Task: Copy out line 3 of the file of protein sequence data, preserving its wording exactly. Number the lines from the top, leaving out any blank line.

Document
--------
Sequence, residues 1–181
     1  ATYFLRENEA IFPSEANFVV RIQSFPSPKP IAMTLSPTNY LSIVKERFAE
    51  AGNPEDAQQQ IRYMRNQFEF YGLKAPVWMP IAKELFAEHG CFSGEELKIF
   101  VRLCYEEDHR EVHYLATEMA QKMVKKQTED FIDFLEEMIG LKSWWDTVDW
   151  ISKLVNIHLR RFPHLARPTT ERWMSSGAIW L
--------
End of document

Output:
    51  AGNPEDAQQQ IRYMRNQFEF YGLKAPVWMP IAKELFAEHG CFSGEELKIF